Some Recent Cheong Gye Cheon Images

June 28, 2010 § 4 Comments

Visitors crossing stepping stone bridge across Seoul's Cheong Gye Cheon creek

One of L.A. Creek Freak’s perenial favorite posts is our earlier coverage of the Cheong Gye Cheon stream project in downtown Seoul, South Korea. It’s an impressive project where a visionary mayor lead the charge to remove a freeway in order to daylight the historic creek where the city of Seoul began. Sounds familiar, no?

My good friend Paul is living is Seoul and sends these photos. This excellent project can serve as an example to L.A.’s Creek Freaks about the transformative power of creek daylighting and river revitalization.

Cool shady seating areas under bridges. Seems like L.A.'s bridges' undersides are more designed for homeless folks and trolls to hang out. Perhaps we should be designing welcoming sites like this?

The revitalized Cheong Gye Cheon is one of the most popular spots in all of Seoul - for both locals and tourists.

Signature bridges cross at street-level above the below-grade river walk.

Another shot of the stepping stone bridge across the Cheong Gye Cheon. Probably impossible to permit in California... but a guy can dream, no?

One indicator animal for healthy streams: fish have returned. Looks like a carp, though, perhaps not the highest value fish, but I bet even these stayed away from the stream when it was buried beneath a road and a freeway.

To read more about and see more photos of the Cheong Gye Cheon project, please go to L.A. Creek Freak’s earlier article Daylighting in the Heart of Seoul: The Cheong Gye Cheon Project. (All photos by Paul Bournhonesque – also read his feature-length comments on the earlier post.)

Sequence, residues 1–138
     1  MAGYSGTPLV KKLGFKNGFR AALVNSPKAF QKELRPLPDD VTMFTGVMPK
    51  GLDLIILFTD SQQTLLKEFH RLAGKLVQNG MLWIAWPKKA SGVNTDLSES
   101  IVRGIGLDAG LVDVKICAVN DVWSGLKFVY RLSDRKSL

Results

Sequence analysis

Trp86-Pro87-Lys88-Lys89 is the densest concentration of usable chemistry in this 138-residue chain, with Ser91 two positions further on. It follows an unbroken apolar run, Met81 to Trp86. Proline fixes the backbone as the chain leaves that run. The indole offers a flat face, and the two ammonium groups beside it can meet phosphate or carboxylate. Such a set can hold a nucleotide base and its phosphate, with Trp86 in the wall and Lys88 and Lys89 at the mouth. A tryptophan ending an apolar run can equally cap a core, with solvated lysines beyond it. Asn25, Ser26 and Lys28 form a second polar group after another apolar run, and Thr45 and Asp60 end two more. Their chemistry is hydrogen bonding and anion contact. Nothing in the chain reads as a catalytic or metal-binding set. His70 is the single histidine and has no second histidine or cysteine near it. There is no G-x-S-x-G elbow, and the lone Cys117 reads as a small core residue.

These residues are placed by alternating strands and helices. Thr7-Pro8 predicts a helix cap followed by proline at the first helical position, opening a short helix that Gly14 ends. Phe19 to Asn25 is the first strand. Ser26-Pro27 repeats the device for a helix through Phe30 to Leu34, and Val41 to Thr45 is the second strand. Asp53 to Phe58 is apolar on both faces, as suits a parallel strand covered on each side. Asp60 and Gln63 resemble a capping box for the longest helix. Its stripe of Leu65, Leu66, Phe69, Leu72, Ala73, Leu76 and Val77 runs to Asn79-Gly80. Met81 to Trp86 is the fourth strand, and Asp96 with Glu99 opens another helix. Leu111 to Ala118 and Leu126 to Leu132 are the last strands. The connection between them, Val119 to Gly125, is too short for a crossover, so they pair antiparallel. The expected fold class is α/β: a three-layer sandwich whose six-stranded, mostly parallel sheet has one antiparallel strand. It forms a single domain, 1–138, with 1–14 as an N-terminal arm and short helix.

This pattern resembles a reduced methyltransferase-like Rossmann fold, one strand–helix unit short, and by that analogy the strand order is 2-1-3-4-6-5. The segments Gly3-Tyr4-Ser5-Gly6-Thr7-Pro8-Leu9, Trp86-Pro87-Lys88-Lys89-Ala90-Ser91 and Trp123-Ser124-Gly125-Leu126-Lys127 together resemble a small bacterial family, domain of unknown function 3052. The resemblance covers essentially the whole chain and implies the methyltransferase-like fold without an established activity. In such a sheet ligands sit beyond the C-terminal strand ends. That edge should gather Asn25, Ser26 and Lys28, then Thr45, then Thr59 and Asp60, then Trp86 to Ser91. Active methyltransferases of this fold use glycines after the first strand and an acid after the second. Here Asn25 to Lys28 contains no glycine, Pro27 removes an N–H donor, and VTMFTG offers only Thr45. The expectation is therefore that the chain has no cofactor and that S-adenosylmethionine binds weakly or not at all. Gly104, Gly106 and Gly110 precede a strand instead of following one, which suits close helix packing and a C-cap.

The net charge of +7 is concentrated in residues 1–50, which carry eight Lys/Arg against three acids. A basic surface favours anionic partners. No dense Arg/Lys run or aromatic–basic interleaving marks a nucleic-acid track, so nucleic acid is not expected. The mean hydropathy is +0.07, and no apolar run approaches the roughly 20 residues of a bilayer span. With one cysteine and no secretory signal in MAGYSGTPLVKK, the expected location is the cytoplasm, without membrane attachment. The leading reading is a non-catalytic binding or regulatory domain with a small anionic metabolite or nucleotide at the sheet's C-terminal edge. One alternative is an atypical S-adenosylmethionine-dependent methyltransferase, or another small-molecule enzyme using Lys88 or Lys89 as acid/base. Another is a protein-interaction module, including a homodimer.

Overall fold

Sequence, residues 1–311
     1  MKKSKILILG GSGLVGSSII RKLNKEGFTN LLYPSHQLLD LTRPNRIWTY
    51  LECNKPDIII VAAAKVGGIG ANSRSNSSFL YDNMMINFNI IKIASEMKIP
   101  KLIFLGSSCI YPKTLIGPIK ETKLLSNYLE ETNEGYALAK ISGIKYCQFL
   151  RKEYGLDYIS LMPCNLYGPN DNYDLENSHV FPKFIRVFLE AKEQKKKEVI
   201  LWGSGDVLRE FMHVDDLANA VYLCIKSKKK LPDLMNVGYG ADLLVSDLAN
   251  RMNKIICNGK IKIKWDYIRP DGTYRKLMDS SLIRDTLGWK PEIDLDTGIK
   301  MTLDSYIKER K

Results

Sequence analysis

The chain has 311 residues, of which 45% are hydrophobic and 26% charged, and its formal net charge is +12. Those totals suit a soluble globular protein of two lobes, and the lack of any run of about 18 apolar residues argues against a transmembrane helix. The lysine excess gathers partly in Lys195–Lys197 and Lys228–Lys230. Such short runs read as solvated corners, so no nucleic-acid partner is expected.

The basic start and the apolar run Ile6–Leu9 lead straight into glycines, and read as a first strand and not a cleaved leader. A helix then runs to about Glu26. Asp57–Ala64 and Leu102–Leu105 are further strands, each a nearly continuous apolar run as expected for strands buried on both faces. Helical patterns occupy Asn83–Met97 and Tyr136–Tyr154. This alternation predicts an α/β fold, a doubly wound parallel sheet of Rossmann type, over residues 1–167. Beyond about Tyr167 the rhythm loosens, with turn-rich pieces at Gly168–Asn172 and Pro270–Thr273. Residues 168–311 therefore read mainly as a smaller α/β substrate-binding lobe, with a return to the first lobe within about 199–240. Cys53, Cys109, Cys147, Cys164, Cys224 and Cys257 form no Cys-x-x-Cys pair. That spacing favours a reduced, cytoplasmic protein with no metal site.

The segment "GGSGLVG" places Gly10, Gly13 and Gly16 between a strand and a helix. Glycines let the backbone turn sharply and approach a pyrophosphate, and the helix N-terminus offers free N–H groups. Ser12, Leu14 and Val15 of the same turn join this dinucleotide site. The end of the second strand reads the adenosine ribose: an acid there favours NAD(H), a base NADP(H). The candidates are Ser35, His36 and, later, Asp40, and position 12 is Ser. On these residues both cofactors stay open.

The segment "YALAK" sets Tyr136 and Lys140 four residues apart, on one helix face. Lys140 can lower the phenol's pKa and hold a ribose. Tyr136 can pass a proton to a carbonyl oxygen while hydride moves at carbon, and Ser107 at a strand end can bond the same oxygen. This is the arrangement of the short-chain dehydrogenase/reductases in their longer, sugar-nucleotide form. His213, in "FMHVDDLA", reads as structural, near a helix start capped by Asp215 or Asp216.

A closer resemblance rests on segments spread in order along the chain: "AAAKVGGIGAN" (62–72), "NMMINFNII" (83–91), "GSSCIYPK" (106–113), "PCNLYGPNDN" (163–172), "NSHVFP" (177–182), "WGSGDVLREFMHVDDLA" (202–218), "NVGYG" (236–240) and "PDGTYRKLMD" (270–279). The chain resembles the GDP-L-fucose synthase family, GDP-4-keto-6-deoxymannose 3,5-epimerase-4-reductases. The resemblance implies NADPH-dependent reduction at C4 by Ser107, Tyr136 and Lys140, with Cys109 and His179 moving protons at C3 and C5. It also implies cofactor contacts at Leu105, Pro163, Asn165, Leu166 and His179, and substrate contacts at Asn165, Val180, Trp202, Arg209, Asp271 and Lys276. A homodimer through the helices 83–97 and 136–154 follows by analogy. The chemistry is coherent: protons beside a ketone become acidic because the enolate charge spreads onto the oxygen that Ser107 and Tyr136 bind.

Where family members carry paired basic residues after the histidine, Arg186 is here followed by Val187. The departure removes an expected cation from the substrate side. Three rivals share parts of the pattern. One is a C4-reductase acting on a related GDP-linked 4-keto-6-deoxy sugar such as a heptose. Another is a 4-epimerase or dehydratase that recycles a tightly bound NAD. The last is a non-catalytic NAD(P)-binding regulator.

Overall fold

[Lastly, some thrilling alternate spellings of Cheong Gye Cheon, so persnickety exacting computer searches can find us: Cheongyecheon, Cheonggyecheon, Cheonggyecheong, Cheongyecheong, Cheong Gye Cheong ]

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§ 4 Responses to Some Recent Cheong Gye Cheon Images

  • […] no completion of the proposed Arroyo Seco bike trail just yet, or anything as visionary as this converted wash in Seoul, South Korea. Just more cement, because there wasn’t enough there already. On the […]

  • patrick says:

    Can one ride a bike on the path?

    • Joe Linton says:

      I don’t think that one can – but, soon, we plan to feature Paul’s photos of some other great Korean river bikeways – including the Han River in Seoul.

  • paul says:

    actually, there is a section of the 청겨천 (cheong gye cheon), down stream from where these picture were taken, where bikes are allowed on a bike path. the pictured section is toward the “head waters” where bikes would be impossible to accommodate as it is in a very high density area.

    the bike path portion downstream connects to a very extensive, and constantly growing river and creek bike path system. there are miles and miles of waterway bike exclusive paths running parallel to pedestrian exclusive paths.

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